by Kevin Cook
If you've watched the 3-year decline of "big box" appliance and electronics retailer Best Buy (BBY), you may have thought that this is a business model to stay away from. I certainly thought so until I discovered Conn's (CONN), a family-built retailer with over 50 stores in Texas, 6 in Louisiana, and newer footholds in Oklahoma City, Albuquerque, and Tucson.
Conn's roots go back to 1890 where it started life as a plumbing company in Beaumont, Texas. In 1934, Carroll Wayne Conn, Sr bought the company and within a few years began selling refrigerators and gas ranges. He didn't become the Sam Walton of appliances, but his legacy built a brand that Texans have come to know and trust.
Now they sell just about everything durable for the home, including entertainment electronics, furniture, mattresses and lawn and garden equipment -- and they've built a loyal customer base doing it with a focus on service and satisfaction. The company was also an early innovator of the in-house financing model in the 1960s.
Sales and Profits Grow With Store Build-Out
Since coming public nearly a decade ago, Conn's has continued to expand, with quarterly revenues averaging over $200 million for the past 5 years. The recent Q4FY2013 sales result topped $250 million for the first time since 2008.
This sales growth is propelled by expansion with new locations built around their HomePlus store concept. Pricing power and margin improvement keep their earnings expanding as well.
The company declared strong results on Apr 3, 2013, with EPS of 54 cents a share that surged 58.8% from the 34 cents earned in the year-ago quarter. Comparable-store sales for the quarter climbed 7%.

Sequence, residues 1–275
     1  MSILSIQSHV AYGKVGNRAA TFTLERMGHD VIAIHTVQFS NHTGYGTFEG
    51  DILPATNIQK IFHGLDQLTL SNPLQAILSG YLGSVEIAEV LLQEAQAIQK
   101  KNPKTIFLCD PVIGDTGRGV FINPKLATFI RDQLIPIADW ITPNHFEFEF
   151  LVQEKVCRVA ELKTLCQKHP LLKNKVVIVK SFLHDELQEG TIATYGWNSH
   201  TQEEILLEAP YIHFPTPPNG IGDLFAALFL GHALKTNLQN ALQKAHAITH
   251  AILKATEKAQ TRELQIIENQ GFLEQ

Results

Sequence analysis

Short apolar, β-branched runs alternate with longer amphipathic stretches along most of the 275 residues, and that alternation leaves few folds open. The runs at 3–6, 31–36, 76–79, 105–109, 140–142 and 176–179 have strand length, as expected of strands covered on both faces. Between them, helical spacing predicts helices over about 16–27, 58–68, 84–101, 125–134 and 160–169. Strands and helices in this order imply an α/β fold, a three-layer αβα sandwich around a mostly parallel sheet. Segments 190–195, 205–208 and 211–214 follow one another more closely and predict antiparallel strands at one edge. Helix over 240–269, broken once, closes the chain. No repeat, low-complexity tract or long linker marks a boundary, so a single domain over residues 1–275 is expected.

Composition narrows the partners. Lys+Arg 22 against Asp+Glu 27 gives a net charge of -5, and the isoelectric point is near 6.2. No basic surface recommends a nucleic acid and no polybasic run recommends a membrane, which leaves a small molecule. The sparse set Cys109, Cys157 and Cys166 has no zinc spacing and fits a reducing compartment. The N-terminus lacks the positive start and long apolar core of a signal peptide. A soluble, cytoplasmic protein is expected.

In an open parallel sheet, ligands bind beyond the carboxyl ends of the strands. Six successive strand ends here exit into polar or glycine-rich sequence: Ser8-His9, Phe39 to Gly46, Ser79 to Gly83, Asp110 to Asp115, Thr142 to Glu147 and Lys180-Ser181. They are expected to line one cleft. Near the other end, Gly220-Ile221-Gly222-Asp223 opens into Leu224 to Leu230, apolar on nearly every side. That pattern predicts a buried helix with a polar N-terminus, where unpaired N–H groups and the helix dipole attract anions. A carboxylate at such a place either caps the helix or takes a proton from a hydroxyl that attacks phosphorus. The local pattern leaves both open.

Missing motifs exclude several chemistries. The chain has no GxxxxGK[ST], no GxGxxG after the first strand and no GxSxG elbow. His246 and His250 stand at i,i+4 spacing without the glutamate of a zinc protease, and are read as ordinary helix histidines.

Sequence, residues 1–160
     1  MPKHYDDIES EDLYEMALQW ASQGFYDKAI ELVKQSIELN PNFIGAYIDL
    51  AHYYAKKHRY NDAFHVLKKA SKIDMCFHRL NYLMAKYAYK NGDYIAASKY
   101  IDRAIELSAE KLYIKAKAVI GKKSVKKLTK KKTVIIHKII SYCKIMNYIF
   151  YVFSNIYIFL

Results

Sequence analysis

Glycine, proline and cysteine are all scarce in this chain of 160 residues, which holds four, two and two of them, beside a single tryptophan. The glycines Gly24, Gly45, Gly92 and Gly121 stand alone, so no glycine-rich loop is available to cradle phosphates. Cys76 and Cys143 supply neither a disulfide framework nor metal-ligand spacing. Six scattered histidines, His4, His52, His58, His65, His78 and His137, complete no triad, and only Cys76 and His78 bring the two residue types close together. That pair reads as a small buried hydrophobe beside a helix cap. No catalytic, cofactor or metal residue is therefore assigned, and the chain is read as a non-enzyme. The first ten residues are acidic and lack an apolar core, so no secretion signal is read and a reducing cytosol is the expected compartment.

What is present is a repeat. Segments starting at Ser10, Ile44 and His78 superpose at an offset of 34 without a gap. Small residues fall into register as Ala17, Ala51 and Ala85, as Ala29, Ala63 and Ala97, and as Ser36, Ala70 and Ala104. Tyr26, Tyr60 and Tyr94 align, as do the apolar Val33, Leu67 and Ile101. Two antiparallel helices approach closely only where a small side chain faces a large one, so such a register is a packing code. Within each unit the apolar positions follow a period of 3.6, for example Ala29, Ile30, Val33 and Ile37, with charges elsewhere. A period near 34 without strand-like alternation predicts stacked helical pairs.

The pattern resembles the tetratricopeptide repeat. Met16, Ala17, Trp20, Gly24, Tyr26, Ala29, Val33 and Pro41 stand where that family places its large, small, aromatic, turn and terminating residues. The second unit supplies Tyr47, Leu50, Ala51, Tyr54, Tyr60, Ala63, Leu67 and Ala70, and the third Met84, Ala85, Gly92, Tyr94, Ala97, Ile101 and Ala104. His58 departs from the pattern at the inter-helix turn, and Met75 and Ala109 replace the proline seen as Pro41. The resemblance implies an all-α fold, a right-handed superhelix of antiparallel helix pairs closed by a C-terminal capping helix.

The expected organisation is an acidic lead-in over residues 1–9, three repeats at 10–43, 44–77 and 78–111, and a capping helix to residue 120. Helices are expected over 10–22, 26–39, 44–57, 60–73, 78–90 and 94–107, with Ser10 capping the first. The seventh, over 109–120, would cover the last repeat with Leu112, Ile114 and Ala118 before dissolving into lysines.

And Conn's has outperformed the Zacks Consensus Estimate in 4 out of last 5 quarters, with an average beat of 13.4%.
Revenue from the retail segment increased 9.7% to $208.7 million and retail gross margins expanded 720 basis points to 36.9%. Credit card segment revenue soared 14.5% to $41.6 million.
Buoyed by healthy results, management now projects fiscal 2014 earnings between $2.40 and $2.50 with expected comparable-store sales growth of 3% to 8%.
Following this strong report, analysts have scrambled to raise estimates, taking the first and second quarters of fiscal 2014 (the next 2 quarters) up by 29% and 20% to 54 cents and 59 cents, respectively. For fiscal 2014, the Zacks Consensus Estimate has vaulted nearly 20% in the past two weeks from $2.08 to $2.48 per share.
Here's the visual on this reaction by analysts to catch-up with company growth:
One analyst writes, "Our new estimate assumes Conn's will complete 15 store remodels and will open 12 new stores this year (+26% YoY growth in square footage). In addition, we now anticipate comps for the full year to be around the high end of the guidance range of 3%-8% versus our prior estimate of low single digits."
Big Box Retail 101: Service and Financing
C.W. Conn, Jr. joined his father's company in 1953 after serving in the Korean War. He recognized that customers needed dependable, quality service and founded Conn's repair service and maintenance company, Appliance Parts and Service, in 1962. In 1964 he co-founded Conn Credit Corporation, a consumer credit company, to provide financing to Conn's customers for the purchase of products they needed for their homes.
Mr. Conn, Sr. and Mr. Conn, Jr. were dedicated to their customers and to the idea that consumers should receive value for the dollars they spent on the products they offered in their stores. Their dedication was so strong that they often directed their employees to seek out dissatisfied customers to find what the company could do to make them satisfied customers.
The flexible in-house credit options offered by Conn's allows them to capture more customers, sell higher margin product to consumers with less than perfect credit, and also control approval rates and credit limits. Obviously the company can also capture fees and interest on accounts that are performing. The credit area is also expected to provide strong growth as new stores gain new customers.
Finally, CONN the stock has had quite a run in the past year, moving from $15 to nearly $45 and 7-year highs. And this has pushed the forward P/E to over 16X. While giant competitor Best Buy trades at only 11X, if you want quality, organic growth that builds customer loyalty as a top priority in a very tough business space, consider Conn's on any pullbacks because it can probably support a high teens multiple in an expanding economy with a spirited housing market.